For luciferase assay, HuH-7 cells were transfected with 1 μg of the cyclin A wild-type reporter plasmid, 1 μg of expression vectors, and 0.1 μg of pSG5-LacZ expression vector to normalize transfection efficiencies. HuH-7 cells treated with 20 ng/mL epidermal growth factor were used as the positive control of cyclin A expression. For comparison, two ER regulators, BFA and VT, were included. BFA was treated at 2 μg/mL; VT was treated at 125 ng/mL. All assays were performed three times using the luciferase reporter assay system (Promega, Madison, WI) according to the manufacturer's instructions.
Western Blot Hybridization.
Protein lysates were harvested in 1× RIPA buffer via alternate freezing and thawing. Twenty micrograms of total protein were resolved on SDS-polyacrylamide gels and transferred to polyvinylidene fluoride membranes. The membrane was incubated with the primary antibody followed by a second, horseradish peroxidase–conjugate antibody. Proteins were visualized using the ECL chemiluminescence kit (Perkin Elmer Life Science, Boston, MA). The primary antibodies used in this study were anti-preS1 and MA18/713; anti-GRP78 (BD Biosciences, Palo Alto, CA); and anti-GRP94, anti-cyclin A, anti-cyclin D1, and anti-CDK4 (Santa Cruz Biotechnology).
Flow Cytometry Analysis of Cell Cycle Regulation.
DNA content was assessed via propidium iodide staining of ethanol-fixed cells, followed by flow cytometry analysis (FACS Calibur; Becton Dickinson Immunocytometry Systems, San Jose, CA). The percentage of cells in the G0/G1, S, and G2/M phases of the cell cycle was assessed using ModFIT software (Verity Software House, Topsham, ME).
Colony Formation Assay.
A base agar layer in complete culture medium was prepared at a final concentration of 0.7%; 5 mL were placed in a 10-cm2 plate. A layer of agar (0.35%) mixed with 1 × 105 HH4 cells in 3 mL was subsequently positioned on the surface and was topped with 2 mL of 0.7% agar; 3 mL of cell culture medium was added to the surface of the agar every 3 days. Three replicates were made, and the plates were incubated at 37°C in 5% CO2 for 3 weeks. The number and size of cell colonies were determined with a dissecting microscope.
BrdU Incorporation Assay.
For detecting cell proliferation on HH4 cells, cells were cultured in a six-well culture dish for at least 24 hours before staining. Cells were labeled by the addition of BrdU to a final concentration of 100 μmol/L followed by incubation at 37°C for 4 hours. BrdU-incorporated cells were detected via immunohistochemical staining with mouse anti-BrdU antibody. For the detection of BrdU incorporation on transgenic mice, 7-day-old mice received an intraperitoneal injection of BrdU (50 mg/kg body weight). Liver samples were fixed and embedded in paraffin.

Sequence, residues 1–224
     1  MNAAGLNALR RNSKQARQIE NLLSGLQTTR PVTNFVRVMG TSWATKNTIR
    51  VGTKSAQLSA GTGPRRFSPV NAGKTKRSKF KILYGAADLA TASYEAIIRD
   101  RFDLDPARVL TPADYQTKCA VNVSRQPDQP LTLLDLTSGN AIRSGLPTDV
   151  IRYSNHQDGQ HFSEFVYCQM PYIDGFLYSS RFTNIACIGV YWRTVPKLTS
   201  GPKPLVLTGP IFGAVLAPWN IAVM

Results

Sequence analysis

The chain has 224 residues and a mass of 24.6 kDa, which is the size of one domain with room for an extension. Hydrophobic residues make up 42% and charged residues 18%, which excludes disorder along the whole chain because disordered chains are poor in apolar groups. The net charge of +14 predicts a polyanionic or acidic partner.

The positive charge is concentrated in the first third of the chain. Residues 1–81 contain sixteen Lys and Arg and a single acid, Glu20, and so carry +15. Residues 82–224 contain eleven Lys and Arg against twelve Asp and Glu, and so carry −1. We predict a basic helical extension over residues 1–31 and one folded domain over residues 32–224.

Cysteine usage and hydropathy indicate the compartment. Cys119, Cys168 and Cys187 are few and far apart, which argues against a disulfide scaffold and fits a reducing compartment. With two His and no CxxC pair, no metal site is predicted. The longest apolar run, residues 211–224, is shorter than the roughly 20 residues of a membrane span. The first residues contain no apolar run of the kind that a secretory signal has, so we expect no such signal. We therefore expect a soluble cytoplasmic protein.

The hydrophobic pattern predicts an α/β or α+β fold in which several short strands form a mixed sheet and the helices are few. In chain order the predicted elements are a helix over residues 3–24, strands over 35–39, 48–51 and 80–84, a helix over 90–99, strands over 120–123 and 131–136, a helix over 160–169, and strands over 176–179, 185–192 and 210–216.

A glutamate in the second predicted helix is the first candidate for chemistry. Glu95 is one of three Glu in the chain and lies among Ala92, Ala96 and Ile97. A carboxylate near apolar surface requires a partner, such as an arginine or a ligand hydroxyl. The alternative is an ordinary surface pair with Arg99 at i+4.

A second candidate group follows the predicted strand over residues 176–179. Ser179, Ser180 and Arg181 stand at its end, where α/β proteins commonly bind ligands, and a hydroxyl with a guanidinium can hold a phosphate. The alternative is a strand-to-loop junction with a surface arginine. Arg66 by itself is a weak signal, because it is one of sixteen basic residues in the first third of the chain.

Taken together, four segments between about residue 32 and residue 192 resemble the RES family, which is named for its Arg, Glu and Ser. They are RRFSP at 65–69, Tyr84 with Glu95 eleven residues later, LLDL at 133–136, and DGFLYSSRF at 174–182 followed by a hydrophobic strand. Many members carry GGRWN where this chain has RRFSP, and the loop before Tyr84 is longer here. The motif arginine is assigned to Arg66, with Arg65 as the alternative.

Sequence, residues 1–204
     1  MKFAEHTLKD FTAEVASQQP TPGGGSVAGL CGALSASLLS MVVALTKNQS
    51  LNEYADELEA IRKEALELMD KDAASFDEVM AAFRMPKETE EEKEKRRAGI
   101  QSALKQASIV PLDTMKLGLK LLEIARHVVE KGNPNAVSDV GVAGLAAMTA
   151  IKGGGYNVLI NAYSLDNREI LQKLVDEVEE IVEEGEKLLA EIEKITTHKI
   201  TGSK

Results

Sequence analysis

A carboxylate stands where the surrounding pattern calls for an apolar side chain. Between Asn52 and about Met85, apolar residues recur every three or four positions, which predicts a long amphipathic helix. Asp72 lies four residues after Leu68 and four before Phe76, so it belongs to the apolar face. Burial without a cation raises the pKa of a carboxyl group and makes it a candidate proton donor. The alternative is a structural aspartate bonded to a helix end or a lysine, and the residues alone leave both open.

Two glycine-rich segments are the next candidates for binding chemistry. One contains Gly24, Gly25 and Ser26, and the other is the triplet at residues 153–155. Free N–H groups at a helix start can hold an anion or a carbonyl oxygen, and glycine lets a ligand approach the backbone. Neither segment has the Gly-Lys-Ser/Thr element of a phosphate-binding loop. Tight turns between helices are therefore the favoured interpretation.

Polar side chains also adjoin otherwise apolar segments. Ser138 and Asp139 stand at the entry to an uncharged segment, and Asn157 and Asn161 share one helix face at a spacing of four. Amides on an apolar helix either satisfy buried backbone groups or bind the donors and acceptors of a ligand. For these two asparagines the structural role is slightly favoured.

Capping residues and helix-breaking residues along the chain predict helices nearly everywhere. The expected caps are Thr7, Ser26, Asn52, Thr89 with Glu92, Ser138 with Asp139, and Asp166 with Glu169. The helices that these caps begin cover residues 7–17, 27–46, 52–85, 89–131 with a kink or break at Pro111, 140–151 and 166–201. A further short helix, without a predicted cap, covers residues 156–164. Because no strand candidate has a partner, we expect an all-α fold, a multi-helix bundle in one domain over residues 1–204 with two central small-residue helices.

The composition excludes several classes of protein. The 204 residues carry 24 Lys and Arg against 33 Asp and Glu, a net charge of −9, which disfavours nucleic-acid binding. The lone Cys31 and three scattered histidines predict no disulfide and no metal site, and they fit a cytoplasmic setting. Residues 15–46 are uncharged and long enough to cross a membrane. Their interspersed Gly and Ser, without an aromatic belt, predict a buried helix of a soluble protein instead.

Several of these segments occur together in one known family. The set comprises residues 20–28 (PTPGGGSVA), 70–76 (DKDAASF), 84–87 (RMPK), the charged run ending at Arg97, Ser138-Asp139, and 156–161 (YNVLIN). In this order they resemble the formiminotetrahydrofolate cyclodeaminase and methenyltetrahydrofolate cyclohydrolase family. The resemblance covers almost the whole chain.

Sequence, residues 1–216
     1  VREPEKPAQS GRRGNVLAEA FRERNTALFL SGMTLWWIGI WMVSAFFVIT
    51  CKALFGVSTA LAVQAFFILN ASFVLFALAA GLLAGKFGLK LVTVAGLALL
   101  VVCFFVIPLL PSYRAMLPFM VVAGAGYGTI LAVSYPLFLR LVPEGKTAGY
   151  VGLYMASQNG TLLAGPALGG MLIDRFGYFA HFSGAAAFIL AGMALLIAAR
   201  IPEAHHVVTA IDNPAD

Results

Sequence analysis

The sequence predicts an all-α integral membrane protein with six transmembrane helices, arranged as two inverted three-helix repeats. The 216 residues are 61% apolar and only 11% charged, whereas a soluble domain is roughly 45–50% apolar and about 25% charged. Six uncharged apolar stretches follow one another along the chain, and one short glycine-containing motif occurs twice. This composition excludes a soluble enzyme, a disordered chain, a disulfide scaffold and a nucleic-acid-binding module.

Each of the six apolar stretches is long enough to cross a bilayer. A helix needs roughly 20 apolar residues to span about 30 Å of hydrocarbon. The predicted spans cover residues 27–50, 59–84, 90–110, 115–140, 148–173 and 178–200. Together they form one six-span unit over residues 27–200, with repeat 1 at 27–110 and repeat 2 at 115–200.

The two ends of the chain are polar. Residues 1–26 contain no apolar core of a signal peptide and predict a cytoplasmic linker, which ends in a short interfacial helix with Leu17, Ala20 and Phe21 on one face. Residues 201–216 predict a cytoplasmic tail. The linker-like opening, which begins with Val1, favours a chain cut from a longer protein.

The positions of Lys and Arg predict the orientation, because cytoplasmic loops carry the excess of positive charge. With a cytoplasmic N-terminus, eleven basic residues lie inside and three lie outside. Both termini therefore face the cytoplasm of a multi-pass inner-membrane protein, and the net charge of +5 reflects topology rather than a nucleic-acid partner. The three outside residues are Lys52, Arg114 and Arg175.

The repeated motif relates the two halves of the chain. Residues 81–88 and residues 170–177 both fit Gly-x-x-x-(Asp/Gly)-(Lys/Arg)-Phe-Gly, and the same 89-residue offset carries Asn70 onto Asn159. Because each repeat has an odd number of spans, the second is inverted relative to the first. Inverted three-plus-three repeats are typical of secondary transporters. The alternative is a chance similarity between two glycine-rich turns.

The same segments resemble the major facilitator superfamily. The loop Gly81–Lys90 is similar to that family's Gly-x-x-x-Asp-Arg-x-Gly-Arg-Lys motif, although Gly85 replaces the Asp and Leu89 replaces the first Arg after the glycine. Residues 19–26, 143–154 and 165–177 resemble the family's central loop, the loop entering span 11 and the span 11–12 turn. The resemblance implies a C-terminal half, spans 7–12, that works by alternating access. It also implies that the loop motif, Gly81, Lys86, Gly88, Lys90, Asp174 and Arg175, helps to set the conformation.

Transgenic Mice Study.
The plasmids p(3A)SAg-WT and p(3A)SAg-ΔS2 were used to make transgenic mice. The plasmids were microinjected into embryos of FVB/NJ mice. All microinjected embryos were implanted into pseudopregnant female mice. Transgenic mice carrying the transgene were selected via polymerase chain reaction confirmation of the pre-S gene. Mice with the HBV transgene were next tested for surface protein expression in blood and liver tissue via enzyme-linked immunosorbent assay.9
As previously reported,11 hepatocytes containing ΔS2-LHBs consistently clustered in the livers of patients with chronic HBV infection associated with cirrhosis (Fig. 1A). An enhanced expression of HBV surface antigen was evident at the cell periphery. Figure 1B shows the identified pre-S2 mutant gene with a deletion over the pre-S2 region. Western blot hybridization analysis of pon-A inducible HuH-7 cell lines (Fig. 1C) revealed two positive protein bands of LHBs: one of these (gp42) was glycosylated; the other (p39) was nonglycosylated.
Gene Expression Profile Induced By ΔS2-LHBs.
To identify genes differentially expressed and regulated by ΔS2-LHBs, we performed cDNA microarray studies. Given that the hepatocytes harboring ΔS2-LHBs were usually distributed in clusters, we paid particular attention to genes related to cell cycle regulation and proliferation. The data indicated that cyclin A2, PCNA, and cyclin-dependent kinase (CDK) 5 were upregulated by ΔS2-LHBs by as much as fivefold. Other upregulated genes included transcriptional factor E2F and genes involving DNA damage (rec A and human 8-hydroxyguanine glycosylate/lyase). The expression of the genes encoding cyclin A2, PCNA, E2F, and cyclin G1 were confirmed via Northern blot hybridization (Fig. 2). As previously reported,11 ΔS2-LHBs accumulated in the ER, and the ER stress signals GRP78 and GRP94 were upregulated by ΔS2-LHBs (see Fig. 2).